Interest rates are rising, dividend paying stocks now feel like the Texas Giant for the first time in years (which, for those non-Texans, is a very big roller coaster), and gold prices are just as big of a ride as stocks. So it’s really no wonder that CDs are starting to gain attraction. Can you believe that the average six-month CD was at an all-time low in 2013 at 0.24 percent? Well, now we have officially seen the first six-month CD back over a full one percent. And even better, a five-year CD was just spotted at over 2.75 percent! So does this mean CDs are officially considered a good place for your money?
People often associate CDs with the feeling of safety. After all, the principle is guaranteed to be returned to you by the government. But would you consider an investment that loses money safe? Of course you wouldn’t, though more times than not, CDs do just that—lose money.
How? In the financial world there is something we learn called “after-tax real rate of return.” Simply put, this means the return minus the cost of living adjustment for that year (inflation) minus the taxes you pay on the return you made. For example, let’s take a look at a six-month CD that pays you one percent and assume that you are in one of the lowest tax brackets for 2018: 12%. The equation would look like this:
Return-Inflation for 6 months – Taxes = After-Tax Real Rate of Return or…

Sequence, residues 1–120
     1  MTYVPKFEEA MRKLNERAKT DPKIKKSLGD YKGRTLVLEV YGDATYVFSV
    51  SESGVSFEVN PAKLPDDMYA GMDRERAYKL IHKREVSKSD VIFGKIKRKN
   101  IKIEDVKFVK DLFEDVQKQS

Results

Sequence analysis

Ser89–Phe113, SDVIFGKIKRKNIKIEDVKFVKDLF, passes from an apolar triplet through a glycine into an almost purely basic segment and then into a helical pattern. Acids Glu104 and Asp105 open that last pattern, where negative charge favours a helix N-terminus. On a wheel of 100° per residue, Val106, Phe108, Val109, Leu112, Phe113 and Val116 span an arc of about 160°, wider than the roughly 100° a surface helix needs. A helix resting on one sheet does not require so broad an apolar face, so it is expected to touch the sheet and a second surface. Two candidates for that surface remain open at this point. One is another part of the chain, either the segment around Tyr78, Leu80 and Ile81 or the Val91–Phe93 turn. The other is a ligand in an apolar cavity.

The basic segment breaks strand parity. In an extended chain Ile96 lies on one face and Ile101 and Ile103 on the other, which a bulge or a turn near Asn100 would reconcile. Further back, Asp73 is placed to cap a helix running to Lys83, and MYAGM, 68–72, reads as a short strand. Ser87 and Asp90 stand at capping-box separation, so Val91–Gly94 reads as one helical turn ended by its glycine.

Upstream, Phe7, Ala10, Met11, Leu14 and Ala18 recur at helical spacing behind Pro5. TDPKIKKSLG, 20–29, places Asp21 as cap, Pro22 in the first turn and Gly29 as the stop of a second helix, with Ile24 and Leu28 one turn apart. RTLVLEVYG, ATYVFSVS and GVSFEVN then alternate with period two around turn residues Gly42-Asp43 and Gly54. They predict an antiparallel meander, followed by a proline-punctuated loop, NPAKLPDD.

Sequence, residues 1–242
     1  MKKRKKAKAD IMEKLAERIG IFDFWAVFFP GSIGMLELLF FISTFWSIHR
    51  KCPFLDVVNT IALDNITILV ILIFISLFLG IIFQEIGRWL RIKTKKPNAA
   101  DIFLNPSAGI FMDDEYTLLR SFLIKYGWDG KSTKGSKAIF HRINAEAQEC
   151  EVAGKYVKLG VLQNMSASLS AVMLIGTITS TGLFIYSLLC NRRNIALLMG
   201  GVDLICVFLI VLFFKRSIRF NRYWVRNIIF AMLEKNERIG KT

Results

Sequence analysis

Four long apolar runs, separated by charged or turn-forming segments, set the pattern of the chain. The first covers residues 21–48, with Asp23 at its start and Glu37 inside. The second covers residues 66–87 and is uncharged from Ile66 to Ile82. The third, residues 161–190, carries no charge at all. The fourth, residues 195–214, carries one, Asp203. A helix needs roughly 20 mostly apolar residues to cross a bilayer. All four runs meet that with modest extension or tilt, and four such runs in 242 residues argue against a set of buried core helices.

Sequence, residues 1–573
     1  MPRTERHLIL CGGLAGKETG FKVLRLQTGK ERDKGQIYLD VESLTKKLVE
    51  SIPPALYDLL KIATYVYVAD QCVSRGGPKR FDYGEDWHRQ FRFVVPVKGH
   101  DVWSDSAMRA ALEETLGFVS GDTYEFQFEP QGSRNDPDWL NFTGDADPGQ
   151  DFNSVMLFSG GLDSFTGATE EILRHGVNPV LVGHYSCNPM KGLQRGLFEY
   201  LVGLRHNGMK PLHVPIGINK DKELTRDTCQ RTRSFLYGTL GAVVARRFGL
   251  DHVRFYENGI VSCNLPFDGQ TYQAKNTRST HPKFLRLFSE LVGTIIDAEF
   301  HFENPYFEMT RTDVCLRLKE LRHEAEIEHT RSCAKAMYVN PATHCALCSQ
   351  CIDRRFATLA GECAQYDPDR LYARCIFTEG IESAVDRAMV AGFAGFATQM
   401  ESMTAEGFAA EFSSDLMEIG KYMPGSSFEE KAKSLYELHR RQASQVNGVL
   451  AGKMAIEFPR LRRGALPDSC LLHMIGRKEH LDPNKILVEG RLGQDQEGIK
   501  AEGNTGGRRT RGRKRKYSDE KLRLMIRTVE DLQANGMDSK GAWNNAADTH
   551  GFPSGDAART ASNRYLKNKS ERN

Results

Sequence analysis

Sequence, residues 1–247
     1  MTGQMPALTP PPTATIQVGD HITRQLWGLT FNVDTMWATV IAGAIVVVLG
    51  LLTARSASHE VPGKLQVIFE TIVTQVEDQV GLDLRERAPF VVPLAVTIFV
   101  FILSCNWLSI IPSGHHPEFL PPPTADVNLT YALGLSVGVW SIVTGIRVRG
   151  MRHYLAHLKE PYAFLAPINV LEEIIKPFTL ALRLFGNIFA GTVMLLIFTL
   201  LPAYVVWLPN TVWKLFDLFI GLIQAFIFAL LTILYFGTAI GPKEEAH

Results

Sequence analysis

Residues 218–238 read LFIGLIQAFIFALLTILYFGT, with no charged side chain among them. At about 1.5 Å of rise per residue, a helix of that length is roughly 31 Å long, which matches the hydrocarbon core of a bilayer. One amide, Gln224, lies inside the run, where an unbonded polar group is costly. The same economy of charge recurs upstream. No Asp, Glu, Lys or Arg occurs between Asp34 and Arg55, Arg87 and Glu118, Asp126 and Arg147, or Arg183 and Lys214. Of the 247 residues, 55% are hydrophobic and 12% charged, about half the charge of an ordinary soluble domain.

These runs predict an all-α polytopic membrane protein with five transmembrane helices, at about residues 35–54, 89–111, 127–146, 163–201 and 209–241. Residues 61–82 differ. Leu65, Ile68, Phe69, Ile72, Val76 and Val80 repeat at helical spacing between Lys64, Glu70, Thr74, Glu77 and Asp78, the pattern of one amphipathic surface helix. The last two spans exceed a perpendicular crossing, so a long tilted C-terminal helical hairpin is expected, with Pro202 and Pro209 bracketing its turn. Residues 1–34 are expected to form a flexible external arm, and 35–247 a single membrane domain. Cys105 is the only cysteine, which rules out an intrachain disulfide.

Now let us put some real numbers behind this. Assume this is a one hundred thousand dollar CD:
That is right. If you invested one hundred thousand dollars in a six-month CD today under the current inflation rate and with a twelve percent tax bracket, you would lose one hundred ninety five dollars over six months. If you do this twice this year under the same circumstances, you would lose double this amount—$390.00.
And this is the inflation rate the government is telling us that we are experiencing. We tend to think it is double this amount just by the everyday experiences we are all having ourselves with current prices. Furthermore, this doesn’t come close to allowing for dramatically rising healthcare costs.
CDs were instituted in the early 1960s and since that time, the story has remained the same: Rarely do CDs produce a positive after-tax real rate of return. But what about long-term CDs?
The Fed raises interest rates fairly often to combat inflation, which is often created by economic expansion. So my question to you is: do you think the economy is growing? Do you think it will continue to grow in over the near-term? If you answered “yes”, you will probably agree that we could face higher inflation. This means that even long-term CDs could suffer negative returns. In fact, looking back over the economic expansions periods since CDs began reveals that, most of the time, inflation was higher than the CD rate itself in the ensuing years.
What, then, is safe? Frankly, everything has risk—even cash and CDs run the risk of going broke safely. Interest rates are rising, and this is great news for our economy and great news for investors. There is no such thing as safe, but there is such a thing as being prudent with your hard-earned dollars. This means having an income plan, knowing where and what dollars you will or could need over the next three to five years, balancing the protection of these dollars with inflation and taxes in mind, and keeping the rest of your money invested in a t-ball approach to make sure you take care of you, your spouse and your family now and for always.
Don’t let your emotions manage your money. Remember to buy fear and sell greed as Warren Buffet says. Jumping out of volatility and into a “safe” CD right now is quite the opposite. Even if you can’t sleep at night and can’t stand the volatility of the market, you have options that can fight inflation, and at the very least, use these.